Look at the Horizon! VMware’s Horizon Suite is finally here
For years VMware has been busy creating a range of Horizon-like products. At VMworld 2009 there was already a preview of what the folks in Palo Alto were working on.
Since then a lot has changed, AppBlast was shown, Octopus came (and went again).
30 minutes ago VMware finally launched their new range of end user computing products called the VMware Horizon Suite.
So, what does Horizon consist of? Well, actually Horizon is the new name for the collection of ALL End User Computing (EUC) products VMware has to offer, some of which you already know and love, like VMware View and ThinApp. But now the new cool products are finally here!
So, what is VMware Horizon Suite? It consists of these products:
VMware Horizon View
VMware View is now as part of the new Horizon Suite and it got a new name VMware Horizon View 5.2. It is just a minor .2 release but VMware put a lot of effort in this new View version and added
significant number of features to improve View performance, scalability and user experience.
- Improved storage efficiency with SEsparse Disks
Horizon View 5.2 uses a new vSphere capability that implements a new disk format for virtual machines on VMFS that allows for reduction in size and utilization allocated blocks more efficiently by filling it with real data. Unused space is reclaimed and View Composer desktops stay small.
- Unified Client with View Desktops in Horizon
When co-installed with Horizon Suite the View Desktop pools are connected into Horizon Suite after they are provisioned. The Horizon Suite provides a single point of access for end users to their desktops, data and applications. Horizon Suite supports SSO brokering user to the available desktops based on entitlement policy.
- Clientless HTML5 Access to View Desktops & Apps
Access to View desktops and applications via Horizon is possible from any modern device using a remote protocol delivered through any HTML5 capable web-browser.This is the technology previously code-named AppBlast. It will direct users to existing View desktops leveraging Horizon View Security Server for network routing when available. This is a true install-free access to virtual Desktops.
- Hardware Accelerated 3D Graphics
Horizon View 5.2 uses a new vSphere capability that enables shared access to physical GPU hardware for 3D and high performance graphical workloads. Virtual desktops still see abstracted VMware SVGA device for maximum compatibility & portability, but use Accelerated 3D Graphics , enabling truly high performance graphics in a cot effective manner with multiple VMs sharing a single GPU resource. The solution is fully compatible with hosts lacking physical GPUs (for vMotion, DRS, etc).
- Improved Video Chat with MSFT Lync Support
Horizon View 5.2 provides Microsoft Lync 2013 client support, including full support for UC VoIP and Video on both RDP and PCoIP. This new feature enable a tighter integration between Microsoft Lync and Office applications with full collaboration capabilities. Some of the features are compresses USB webcam traffic upstream for reduced bandwidth usage,leverages UDP based channel for improved WAN performance, enabling improved performance of USB media devices.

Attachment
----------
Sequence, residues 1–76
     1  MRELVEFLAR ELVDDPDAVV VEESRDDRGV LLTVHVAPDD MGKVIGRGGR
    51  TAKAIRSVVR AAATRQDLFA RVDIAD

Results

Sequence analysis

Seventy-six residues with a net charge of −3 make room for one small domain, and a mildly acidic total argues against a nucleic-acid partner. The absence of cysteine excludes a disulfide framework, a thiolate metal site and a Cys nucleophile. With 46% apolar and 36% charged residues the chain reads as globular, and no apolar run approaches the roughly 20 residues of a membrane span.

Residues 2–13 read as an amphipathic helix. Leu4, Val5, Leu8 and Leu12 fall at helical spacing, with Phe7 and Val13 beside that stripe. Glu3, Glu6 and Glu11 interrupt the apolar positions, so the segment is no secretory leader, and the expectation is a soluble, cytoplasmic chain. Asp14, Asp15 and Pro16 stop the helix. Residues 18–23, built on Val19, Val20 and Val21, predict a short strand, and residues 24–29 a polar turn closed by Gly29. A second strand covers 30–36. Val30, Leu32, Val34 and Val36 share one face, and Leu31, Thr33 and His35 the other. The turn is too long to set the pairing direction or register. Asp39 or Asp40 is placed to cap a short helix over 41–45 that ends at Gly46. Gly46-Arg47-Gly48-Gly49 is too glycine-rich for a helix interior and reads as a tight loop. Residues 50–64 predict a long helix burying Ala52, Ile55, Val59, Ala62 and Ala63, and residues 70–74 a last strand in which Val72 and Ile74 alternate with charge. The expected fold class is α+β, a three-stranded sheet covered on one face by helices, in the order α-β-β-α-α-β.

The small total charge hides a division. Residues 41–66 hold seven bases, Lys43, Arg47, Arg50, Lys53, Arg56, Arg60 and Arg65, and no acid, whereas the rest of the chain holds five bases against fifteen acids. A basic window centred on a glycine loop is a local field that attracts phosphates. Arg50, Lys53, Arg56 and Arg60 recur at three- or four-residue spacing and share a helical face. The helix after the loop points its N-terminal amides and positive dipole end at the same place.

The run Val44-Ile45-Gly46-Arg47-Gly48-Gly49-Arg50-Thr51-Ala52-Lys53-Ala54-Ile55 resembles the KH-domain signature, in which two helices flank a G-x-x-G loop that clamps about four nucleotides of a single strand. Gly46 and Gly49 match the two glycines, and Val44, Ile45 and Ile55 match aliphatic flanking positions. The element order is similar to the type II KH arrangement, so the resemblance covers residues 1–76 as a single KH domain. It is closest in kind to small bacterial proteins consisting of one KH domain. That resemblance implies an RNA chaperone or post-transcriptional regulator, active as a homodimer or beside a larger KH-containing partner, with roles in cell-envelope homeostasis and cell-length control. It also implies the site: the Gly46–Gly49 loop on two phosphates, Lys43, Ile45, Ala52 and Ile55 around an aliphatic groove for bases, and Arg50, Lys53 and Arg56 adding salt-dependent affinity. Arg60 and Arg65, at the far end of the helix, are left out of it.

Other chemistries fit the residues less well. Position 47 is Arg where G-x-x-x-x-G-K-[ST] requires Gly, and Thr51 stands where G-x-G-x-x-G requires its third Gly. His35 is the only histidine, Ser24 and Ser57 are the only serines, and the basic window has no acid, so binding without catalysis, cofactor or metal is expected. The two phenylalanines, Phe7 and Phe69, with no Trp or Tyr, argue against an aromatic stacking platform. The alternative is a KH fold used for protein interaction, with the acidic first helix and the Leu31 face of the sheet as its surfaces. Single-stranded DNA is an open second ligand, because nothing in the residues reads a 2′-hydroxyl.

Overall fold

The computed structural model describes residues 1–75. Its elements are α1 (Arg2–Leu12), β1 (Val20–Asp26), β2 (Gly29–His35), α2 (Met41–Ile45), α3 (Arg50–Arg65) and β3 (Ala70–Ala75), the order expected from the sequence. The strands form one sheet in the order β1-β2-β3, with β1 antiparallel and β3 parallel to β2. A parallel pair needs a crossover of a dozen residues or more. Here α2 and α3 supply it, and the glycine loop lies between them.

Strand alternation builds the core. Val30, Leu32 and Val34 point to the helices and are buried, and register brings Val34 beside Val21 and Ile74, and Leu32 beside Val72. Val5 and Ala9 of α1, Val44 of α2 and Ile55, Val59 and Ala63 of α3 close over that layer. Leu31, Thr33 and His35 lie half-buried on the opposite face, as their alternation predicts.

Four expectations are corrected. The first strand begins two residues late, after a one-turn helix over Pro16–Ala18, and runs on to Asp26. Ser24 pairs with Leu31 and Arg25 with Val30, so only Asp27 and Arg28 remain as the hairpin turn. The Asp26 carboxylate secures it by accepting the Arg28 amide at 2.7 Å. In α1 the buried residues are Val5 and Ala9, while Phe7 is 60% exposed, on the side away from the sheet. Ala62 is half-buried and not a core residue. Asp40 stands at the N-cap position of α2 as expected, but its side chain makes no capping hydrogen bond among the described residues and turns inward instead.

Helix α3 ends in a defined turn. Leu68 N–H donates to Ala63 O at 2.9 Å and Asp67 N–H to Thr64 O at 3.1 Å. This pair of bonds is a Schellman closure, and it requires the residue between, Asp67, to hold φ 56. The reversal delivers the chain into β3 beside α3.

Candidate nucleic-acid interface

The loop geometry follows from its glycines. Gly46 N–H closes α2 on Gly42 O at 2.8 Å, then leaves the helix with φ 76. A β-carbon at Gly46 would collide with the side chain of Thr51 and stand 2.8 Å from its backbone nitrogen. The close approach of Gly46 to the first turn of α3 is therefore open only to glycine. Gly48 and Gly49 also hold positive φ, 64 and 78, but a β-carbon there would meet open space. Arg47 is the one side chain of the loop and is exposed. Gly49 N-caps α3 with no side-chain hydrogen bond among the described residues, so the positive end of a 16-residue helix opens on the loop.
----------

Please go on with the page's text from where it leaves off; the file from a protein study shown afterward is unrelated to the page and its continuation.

- Windows 8 Desktop Support
Horizon View 5.2 now fully supports Windows 8 virtual desktops as guest OS. It also comes aligned with the Windows 8 Client Support.
- PCoIP New Features
- Support for MITM (Man-In-The-Middle) network devices
- PCoIP GPO settings take effect immediately when changed (host side only).
- Relative Mouse enablement (supported by latest Windows View client)
- Multi Touch enablement (supported by latest Windows View client)
- PCoIP Security Improvements.
- Port scanners that scan PCoIP Security Gateway now pass successfully.
- OpenSLL upgraded to a more secure version.
- Weak SSL ciphers removed.
- PCoIP Performance Improvements
- Image caching supported on Teradici APEX card and Tera2 Zero Clients
- Improved image cache management and compression
- Bandwidth reductions in both the LAN and WAN environment
- Support for vertical offset caching
- Improved responsiveness and fluidity during scrolling
- Horizon Based ThinApp Entitlement for View
Horizon View 5.2 provides a tight linkage of View ThinApp Entitlement to the Horizon Workspace and includes a migration tool to help admins to import the current pool-based entitlements to the Horizon Workspace user/group entitlements. This approach unifies application entitlement across all end user devices & virtual desktops.
- Large Pools with more than 8 hosts
The 8 host cluster limit for Linked Clone pools using VMFS has been removed. The new limit is 32 hosts per cluster across the board for all pool types, Linked Clone or not. The added feature may completely change how VMware View deployments are designed and deployed for many customer.
- Support for 10,000 virtual desktops per vCenter Server
Horizon View now supports 10,000 virtual desktops per View pod with a single vCenter Server instance. In previous versions VMware had only validated 2,000 virtual desktops per vCenter Server.